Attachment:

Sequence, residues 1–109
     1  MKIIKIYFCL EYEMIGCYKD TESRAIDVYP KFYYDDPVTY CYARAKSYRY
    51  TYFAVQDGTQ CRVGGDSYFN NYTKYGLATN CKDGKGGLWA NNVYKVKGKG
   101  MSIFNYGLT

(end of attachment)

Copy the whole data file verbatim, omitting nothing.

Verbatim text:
Sequence, residues 1–109
     1  MKIIKIYFCL EYEMIGCYKD TESRAIDVYP KFYYDDPVTY CYARAKSYRY
    51  TYFAVQDGTQ CRVGGDSYFN NYTKYGLATN CKDGKGGLWA NNVYKVKGKG
   101  MSIFNYGLT